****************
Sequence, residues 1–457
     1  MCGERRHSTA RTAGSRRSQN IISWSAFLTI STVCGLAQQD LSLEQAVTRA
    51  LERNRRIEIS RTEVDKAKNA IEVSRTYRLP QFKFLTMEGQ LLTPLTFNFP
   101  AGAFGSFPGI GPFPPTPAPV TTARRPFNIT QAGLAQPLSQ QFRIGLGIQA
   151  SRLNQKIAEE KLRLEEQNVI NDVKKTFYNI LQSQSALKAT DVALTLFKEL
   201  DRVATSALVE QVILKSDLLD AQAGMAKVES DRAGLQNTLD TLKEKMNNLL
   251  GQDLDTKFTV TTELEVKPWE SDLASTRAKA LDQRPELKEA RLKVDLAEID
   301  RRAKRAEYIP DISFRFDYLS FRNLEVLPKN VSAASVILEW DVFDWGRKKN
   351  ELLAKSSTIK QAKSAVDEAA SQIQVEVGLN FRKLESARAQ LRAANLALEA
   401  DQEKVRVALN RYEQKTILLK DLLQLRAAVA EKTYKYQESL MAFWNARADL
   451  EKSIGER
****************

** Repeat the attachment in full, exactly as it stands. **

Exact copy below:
Sequence, residues 1–457
     1  MCGERRHSTA RTAGSRRSQN IISWSAFLTI STVCGLAQQD LSLEQAVTRA
    51  LERNRRIEIS RTEVDKAKNA IEVSRTYRLP QFKFLTMEGQ LLTPLTFNFP
   101  AGAFGSFPGI GPFPPTPAPV TTARRPFNIT QAGLAQPLSQ QFRIGLGIQA
   151  SRLNQKIAEE KLRLEEQNVI NDVKKTFYNI LQSQSALKAT DVALTLFKEL
   201  DRVATSALVE QVILKSDLLD AQAGMAKVES DRAGLQNTLD TLKEKMNNLL
   251  GQDLDTKFTV TTELEVKPWE SDLASTRAKA LDQRPELKEA RLKVDLAEID
   301  RRAKRAEYIP DISFRFDYLS FRNLEVLPKN VSAASVILEW DVFDWGRKKN
   351  ELLAKSSTIK QAKSAVDEAA SQIQVEVGLN FRKLESARAQ LRAANLALEA
   401  DQEKVRVALN RYEQKTILLK DLLQLRAAVA EKTYKYQESL MAFWNARADL
   451  EKSIGER